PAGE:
This is refreshing and of course disconcerting. She began with an attitude of deep distrust, for example, toward B. F. Skinner, the man who had put his daughter in a box, the man who apparently cared more for experiment and establishing behaviorism than he did for human beings, a man whose conclusions could pave the way to a new and more horrible fascist state. But Slater plunges in and finds that his daughters loved him and that the one who supposedly committed suicide is alive and well. Slater even realizes, after being confronted by Julia Skinner Vargas, one of the daughters she interviewed by telephone, that she, Slater, hadn't read Skinner's magnum opus, Beyond Freedom and Dignity--had instead, like most of us, myself included, known it only by reputation, bad reputation.
So Slater reads the book and when she is through she compares Skinner to a "green" Al Gore and speculates that "maybe" Skinner "was the first feminist psychologist." Quite a turnaround.
But this is characteristic of Slater's approach. Become engaged. Keep an open and flexible mind. Dare to believe what others are afraid to believe. Turn on a dime. And this is right for this book since many of the experimenters did exactly that: they sought to show where the conventional wisdom was wrong; and they sought to turn psychology on its head.
The first piece I read (opening the book at random) was "On Being Sane in Insane Places." This is about how in the early 1970s, Stanford psychologist David Rosenhan and eight collaborators showed up at nine different mental hospital around the country and told the shrinks they were hearing voices. The voices said one word: "Thud." They were committed even though otherwise they acted normally. Their stay was from fifty-two to seven days each.
This experiment created a sensation and a scandal in the psychiatric community and caused a complete overall in the DSM II (we have DSM IV today). The diagnostic language was rewritten so that the definitions became measurable, and the volume grew by two hundred pages.
Slater decided to replicate the experiment. She went to mental hospitals and said she heard a voice that said, "Thud." What she got were prescriptions for antipsychotics and antidepressants.
There are ten chapters and a conclusion. "Obscura," the second chapter deals with Stanley Milgram's infamous electric shock experiment which showed that ordinary people would, guided by the authority of the experimenter, administer what they thought were possibly lethal shocks to fellow human beings. Another chapter looks at Leon Festinger's experiment with infiltrating a doom's day cult and seeing what happens when doom does not arrive at the appointed hour. What happens is "cognitive dissonance"--which I would call "elaborate rationalization."
Still another chapter is devoted to the famous "Lost in the Mall" repressed memory experiment by Elizabeth Loftus which demonstrated how subject to suggestion are our memories. Loftus who, along with Katherine Ketcham, wrote The Myth of Repressed Memory: False Memories and Allegations of Sexual Abuse (1994), showed how a false memory of being lost in the mall as child could be suggested to people and how they would not only come to believe it, but would confabulate all sorts of "remembered" detail around an event that never happened.
This is a book that may make some practicing psychologists uneasy. (And they may write nasty reviews.) Certainly Slater does not play to their feelings. Quite the opposite. Toward the end she asks: "At what point does experimental psychology and clinical psychology meet? Apparently at no point. I interviewed twelve licensed practicing psychologists...and none of them even knew most of these experiments, never mind used them in their work." (p. 253)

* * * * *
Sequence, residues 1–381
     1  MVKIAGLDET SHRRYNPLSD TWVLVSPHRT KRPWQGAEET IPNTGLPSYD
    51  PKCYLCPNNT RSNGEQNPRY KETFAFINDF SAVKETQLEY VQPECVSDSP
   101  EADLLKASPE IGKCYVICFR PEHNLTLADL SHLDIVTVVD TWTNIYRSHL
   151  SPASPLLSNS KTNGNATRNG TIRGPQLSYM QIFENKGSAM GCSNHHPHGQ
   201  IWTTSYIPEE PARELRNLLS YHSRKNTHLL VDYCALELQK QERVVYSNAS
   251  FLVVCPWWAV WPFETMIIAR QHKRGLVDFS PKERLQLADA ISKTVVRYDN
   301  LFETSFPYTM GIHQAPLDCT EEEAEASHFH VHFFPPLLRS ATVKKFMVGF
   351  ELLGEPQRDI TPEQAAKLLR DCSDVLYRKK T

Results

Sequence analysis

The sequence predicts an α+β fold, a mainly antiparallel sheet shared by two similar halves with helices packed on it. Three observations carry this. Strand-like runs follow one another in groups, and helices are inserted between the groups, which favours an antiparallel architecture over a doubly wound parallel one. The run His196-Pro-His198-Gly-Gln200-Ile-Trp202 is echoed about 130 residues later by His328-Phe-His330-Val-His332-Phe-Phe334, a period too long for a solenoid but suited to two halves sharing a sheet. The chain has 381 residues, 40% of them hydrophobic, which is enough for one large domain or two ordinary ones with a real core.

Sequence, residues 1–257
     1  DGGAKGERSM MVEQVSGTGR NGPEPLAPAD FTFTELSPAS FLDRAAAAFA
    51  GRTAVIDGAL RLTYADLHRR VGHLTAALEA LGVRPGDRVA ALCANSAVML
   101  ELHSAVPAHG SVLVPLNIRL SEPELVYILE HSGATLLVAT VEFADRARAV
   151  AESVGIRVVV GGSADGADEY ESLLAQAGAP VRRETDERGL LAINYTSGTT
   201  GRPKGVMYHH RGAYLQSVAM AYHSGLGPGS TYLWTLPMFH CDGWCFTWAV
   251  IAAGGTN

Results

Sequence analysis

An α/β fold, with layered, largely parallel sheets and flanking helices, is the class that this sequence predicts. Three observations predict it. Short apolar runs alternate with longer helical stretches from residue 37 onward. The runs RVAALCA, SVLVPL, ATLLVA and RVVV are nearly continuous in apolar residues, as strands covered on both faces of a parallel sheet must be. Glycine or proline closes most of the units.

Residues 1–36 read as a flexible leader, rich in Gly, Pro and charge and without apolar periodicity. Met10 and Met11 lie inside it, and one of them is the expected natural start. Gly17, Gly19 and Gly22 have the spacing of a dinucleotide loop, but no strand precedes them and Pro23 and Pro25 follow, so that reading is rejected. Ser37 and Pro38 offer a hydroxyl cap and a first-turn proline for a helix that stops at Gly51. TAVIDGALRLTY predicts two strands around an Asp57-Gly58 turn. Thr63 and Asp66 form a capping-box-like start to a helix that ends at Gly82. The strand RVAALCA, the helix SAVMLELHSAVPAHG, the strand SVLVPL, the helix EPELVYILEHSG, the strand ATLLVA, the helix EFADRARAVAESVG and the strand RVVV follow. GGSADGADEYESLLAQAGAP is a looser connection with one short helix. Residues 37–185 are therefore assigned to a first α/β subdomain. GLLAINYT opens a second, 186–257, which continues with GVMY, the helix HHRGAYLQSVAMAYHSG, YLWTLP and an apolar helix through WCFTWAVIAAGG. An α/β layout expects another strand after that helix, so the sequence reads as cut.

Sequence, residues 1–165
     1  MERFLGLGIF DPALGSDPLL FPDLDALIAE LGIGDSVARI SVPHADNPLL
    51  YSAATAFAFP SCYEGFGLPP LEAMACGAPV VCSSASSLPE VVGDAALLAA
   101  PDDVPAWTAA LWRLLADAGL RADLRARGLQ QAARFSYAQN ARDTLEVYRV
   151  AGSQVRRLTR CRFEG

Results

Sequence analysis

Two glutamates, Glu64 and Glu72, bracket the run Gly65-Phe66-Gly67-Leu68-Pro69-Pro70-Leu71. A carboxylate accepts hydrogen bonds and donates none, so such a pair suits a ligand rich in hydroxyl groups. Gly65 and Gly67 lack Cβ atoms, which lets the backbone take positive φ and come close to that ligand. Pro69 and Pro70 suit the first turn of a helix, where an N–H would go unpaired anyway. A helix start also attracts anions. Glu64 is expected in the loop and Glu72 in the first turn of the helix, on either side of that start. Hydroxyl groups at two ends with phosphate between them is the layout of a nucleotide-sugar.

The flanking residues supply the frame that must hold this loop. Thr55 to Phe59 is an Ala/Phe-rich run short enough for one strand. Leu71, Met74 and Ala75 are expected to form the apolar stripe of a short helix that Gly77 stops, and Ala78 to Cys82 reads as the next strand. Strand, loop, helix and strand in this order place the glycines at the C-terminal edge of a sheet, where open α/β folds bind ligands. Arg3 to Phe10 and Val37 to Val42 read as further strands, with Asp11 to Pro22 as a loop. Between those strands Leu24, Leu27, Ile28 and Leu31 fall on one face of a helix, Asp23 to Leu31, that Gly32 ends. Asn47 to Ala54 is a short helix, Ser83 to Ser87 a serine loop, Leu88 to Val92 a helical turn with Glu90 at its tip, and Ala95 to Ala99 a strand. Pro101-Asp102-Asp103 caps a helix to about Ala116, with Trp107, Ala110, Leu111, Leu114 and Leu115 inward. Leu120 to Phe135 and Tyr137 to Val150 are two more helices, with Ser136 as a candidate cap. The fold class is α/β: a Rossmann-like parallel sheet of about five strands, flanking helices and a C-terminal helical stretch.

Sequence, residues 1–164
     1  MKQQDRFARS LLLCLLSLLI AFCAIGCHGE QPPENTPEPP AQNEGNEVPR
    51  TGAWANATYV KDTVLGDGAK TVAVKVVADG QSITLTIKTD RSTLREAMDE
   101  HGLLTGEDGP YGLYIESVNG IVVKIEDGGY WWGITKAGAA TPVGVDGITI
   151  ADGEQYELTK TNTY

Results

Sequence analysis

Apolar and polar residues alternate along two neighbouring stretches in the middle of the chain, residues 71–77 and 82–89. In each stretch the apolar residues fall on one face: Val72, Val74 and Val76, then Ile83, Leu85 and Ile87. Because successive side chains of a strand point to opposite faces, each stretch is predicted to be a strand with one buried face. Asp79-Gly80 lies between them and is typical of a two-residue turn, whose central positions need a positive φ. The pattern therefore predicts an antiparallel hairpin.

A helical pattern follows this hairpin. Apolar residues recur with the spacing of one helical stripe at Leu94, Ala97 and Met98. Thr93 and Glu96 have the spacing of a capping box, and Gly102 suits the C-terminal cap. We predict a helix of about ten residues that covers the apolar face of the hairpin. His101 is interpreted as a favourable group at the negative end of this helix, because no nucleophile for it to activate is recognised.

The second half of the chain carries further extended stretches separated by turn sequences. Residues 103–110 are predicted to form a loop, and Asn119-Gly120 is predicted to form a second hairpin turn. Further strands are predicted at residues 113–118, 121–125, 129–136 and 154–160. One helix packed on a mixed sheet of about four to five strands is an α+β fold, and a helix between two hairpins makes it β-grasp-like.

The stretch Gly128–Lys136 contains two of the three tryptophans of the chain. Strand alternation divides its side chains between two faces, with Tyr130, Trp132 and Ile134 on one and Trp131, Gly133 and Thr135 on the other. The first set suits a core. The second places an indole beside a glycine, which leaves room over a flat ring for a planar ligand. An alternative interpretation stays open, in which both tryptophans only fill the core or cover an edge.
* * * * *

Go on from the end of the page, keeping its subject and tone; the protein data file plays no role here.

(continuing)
And Slater is not enchanted with the new psychopharmacology. She argues that Prozac, Zoloft, and other psychoactive drugs may have long term effects worse than lobotomies. In fact the point of Chapter 10: "Chipped" is to tell the story of a man who benefitted from a cingulotomy (the modern, streamlined lobotomy) after electroshock therapy and after "more than twenty-three...psychiatric medications" had failed him.
The walnuts pictured on the cover come from this statement about the brain on page 249: "there is still something holy about that three-pound wrinkled walnut with a sheen."
on 25 February 2004
I bought this book and planned on reading one chapter and then alternating with a book of fiction. Instead, i started this book and finished it in a day and plan on reading it again. Slater's descriptions of past psychological experiments in laymen terms and collection of current views on their outcomes is gripping and intelligent reading. After every chapter i couldn't help but apply the principles to myself to see where i stood. What makes this book so gripping, is the author's ability to make the past so personal and relevant to everyone. Slater is extremely generous in sharing of herself as a guinea pig for us to learn through and question ourselves. This is the best book i have read in a long time.
on 1 April 2004
I first heard Slater's book serialised on BBC Radio 4. It seemed then, and in fact is, an attempt to look at the experiences and the individuals behind famous psychological experiments.
Slater goes into a great deal of detail on the background to each experiment, and also adds her own commentary to it and the personalities involved. She sets out not only each experiment and its context, but the reaction to it, particularly the negative, and - as a professional herself presumably - tries to steer us through the rights and wrongs of each position. I like this, as it makes the narrative less dry and more interesting and personal. Sometimes she's a little *too* self-indulgent: she constantly mentions her young child, and sometimes to read her you'd think she's the only person who's ever been a parent.